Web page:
The people’s superstar

Published Oct 8, 2017, 12:30 am IST
Updated Oct 8, 2017, 12:31 am IST
The actor opens up about his movies, not promoting them on reality shows and stories from the sets.
Aamir Khan
 Aamir Khan

Even as Aamir Khan readies for the release of Advait Chandan’s Secret Superstar, he sits down and chats about his character Shakti Kumar, working with Amitabh Bachchan, the futility of awards and Oscars, and more. Excerpts: 

Advait is a debutant director. How did you agree to work with him?
I could see the spark in him, as he’s been working with us for quite some time now. Kiran (Rao, wife), he and I were all of the opinion that I could carry this character off well. Initially, I was a little skeptical. However, after auditioning, I agreed to perform… mujhe bhi mazza aaya! I found Advait to be a sharp, bright person who had the spark for direction and he passed the acid test with flying colours.


Salman Khan, Shah Rukh Khan and you have been ruling the industry for a good 30 years. Do you think a new crop of actors could equal your fetes? 
Why not? They too could rule the roost like us. Having said that, I believe stardom is a very intangible thing. It’s difficult to decode stardom. We may have seen a very hard working, conventional or a good-looking actor. But how many of them have made it? At the same time, there are several actors who are not very talented or good-looking but have become successful nonetheless. There’s no specific formula to attain stardom. 


Go on…
I remember when I started my career, Ammi wanted me to pursue something else. She would warn me that this isn’t a stable profession; it’s a volatile one. But here I am, almost 30 years in the industry. I don’t think SRK, Salman or even I know why we are here after so many years. 

Will we see you working with your contemporaries?
Well, for now I’m working with Amitji (Amitabh Bachchan) in Thugs of Hindostan. When it comes to my contemporaries, why not? If we get a well-written script, I will work with them. The role should be exciting enough for all of us to come together. 


Beyond the world of films, who do you share your secrets with, and who is your confidante? 
I share my secrets with my wife Kiran and with Imran’s (Khan) mom. She’s my cousin. We have been together from our childhood days. I also have a few close friends. 

Do you too have idols? Did you feel like you should be like someone else? 
Surprisingly, this isn’t really something that I have thought about much for the longest time in my life. But the idea came to my mind when I was doing Dhoom 3. Around that time, I watched a movie called Searching for Sugarman in Chicago. In the movie, there’s a character, Rodriguez, and his life seemed very intriguing to me. And I wish I could be at least five per cent like that mysterious musician. 


Are you still averse to promoting your movies on reality shows?
I will not promote Secret Superstar on reality programmes. The reason is very simple — if the film is small, then one needs to create information and go on to reality shows to promote it. For example, when we released the trailer of Dangal, the required buzz was instantly created. We had to go and promote Peepli Live because people should know who the character of Natha was. Promotions create information, awareness and desire to watch any film. If, with your promos, the audience responds in a way that shows that they are eager to watch your film, there’s no need to promote them on reality shows.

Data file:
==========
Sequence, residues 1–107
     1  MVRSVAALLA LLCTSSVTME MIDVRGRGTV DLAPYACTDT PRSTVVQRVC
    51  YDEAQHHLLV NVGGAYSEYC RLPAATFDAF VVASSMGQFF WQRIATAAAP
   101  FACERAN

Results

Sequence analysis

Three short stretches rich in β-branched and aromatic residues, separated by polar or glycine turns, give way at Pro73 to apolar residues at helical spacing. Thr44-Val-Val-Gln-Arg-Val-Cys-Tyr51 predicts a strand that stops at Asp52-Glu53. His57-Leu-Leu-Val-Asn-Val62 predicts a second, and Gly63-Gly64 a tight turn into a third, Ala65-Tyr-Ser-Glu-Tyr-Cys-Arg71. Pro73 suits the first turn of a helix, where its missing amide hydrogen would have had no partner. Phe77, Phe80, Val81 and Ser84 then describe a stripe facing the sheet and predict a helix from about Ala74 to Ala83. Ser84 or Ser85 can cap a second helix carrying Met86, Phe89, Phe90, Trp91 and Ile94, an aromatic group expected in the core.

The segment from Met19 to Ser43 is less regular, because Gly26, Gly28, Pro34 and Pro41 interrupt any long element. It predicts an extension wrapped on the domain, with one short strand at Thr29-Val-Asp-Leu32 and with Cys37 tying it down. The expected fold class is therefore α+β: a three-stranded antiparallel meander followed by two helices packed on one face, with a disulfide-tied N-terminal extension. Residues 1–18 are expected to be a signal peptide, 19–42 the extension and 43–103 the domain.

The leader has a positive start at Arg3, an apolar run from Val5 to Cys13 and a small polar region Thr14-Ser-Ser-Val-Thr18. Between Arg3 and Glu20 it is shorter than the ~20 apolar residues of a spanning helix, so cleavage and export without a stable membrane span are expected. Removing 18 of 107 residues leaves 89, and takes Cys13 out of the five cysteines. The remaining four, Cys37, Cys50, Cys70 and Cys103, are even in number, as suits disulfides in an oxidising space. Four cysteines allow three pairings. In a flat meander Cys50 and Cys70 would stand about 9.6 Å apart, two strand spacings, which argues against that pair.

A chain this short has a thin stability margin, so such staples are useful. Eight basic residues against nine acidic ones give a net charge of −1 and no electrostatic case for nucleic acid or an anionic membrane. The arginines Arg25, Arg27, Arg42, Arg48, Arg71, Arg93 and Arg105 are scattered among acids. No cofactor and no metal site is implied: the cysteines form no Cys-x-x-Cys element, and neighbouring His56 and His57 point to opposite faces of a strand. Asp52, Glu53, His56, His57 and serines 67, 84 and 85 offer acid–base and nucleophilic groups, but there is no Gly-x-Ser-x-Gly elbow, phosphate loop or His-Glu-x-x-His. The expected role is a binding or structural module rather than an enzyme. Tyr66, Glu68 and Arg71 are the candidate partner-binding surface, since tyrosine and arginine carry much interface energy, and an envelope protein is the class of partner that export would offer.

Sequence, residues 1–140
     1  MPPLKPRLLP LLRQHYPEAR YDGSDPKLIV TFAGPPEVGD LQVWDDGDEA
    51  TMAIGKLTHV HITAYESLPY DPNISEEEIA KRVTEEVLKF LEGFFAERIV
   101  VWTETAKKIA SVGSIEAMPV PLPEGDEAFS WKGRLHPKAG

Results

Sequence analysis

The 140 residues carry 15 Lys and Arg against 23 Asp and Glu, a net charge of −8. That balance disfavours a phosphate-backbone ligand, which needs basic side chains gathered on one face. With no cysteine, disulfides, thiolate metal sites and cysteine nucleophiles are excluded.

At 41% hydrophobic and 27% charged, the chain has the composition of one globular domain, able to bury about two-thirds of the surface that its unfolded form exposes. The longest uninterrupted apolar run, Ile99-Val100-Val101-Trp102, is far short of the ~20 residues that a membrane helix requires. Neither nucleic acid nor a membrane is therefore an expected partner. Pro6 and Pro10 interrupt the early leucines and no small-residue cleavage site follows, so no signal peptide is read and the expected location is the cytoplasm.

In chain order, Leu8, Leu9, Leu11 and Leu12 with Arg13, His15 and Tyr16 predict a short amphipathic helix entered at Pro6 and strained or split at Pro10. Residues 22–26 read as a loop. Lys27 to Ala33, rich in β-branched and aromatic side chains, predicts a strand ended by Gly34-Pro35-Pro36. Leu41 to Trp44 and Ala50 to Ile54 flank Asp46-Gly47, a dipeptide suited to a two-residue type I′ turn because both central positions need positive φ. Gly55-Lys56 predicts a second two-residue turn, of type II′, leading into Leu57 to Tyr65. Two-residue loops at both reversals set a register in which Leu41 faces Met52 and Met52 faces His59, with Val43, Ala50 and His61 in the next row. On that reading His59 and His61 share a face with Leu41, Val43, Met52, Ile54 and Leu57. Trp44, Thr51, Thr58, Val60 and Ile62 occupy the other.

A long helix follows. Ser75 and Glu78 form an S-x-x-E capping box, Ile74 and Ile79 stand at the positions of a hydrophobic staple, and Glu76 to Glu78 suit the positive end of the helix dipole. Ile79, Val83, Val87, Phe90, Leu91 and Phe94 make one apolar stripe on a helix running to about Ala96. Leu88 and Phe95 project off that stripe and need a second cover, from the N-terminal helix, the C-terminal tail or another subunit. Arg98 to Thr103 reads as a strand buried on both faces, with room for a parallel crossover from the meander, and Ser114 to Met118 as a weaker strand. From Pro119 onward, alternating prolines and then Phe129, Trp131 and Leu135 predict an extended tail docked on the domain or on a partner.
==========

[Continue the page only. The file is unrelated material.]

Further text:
Dangal was quite the commercial success and should have probably gone for the Oscars. Did you apply?
I don’t think we did. My film Lagaan also got an entry to the Oscars, but I don’t remember the procedure. I think there’s a committee that selects movies for Oscars. And I’m of the opinion that we must respect their choices. I feel Newton must be a good movie, and thus has been sent to the Oscars. Now, it will have to be nominated to the top five, and further on. The choice of films by people is very subjective. So let the selected committee do their job. They can watch films in all languages and send an entry to the Oscars. A few years ago, Shwaas (2004), a Marathi movie found an entry.


Does the entry to the Oscars mean a lot to you though?
No, Oscars or any other awards hold no importance for me. Actually, if a film makes an entry to the Oscars, it definitely does find a little more attention from the audiences. Newton, after getting an entry must’ve had a larger audience wanting to watch it. Further, if it enters top five, a huge window of opportunity will open up for them, worldwide. But I don’t take awards seriously. So many movies are made over the year, and many in various languages produced. So, how can each movie get an entry to the Oscars?


How has working with Amitabh been like? 
I’m an admirer of Amitji. Working with him was a huge learning experience; he’s a powerhouse of talent. I could watch his talent and his way of working closely while working with him. He’s also a gracious person and a generous co-star. He’s a hard working actor, who is very focused. He invests a lot in an emotional manner. You learn a lot when you work with him. He’s worked for more than four decades, and yet he’s relevant for today’s audiences. This is very difficult. It’s a huge achievement. 


Tell us some stories from the sets…
Whenever we would sit down together during the breaks, Amitji would share his experiences from the past and they would all be interesting episodes. Some he may not even want to share publicly. Another time I took him to a movie theatre, walking, without his guards, to watch Wonder Woman. He’s also a lot into music and we have long conversations.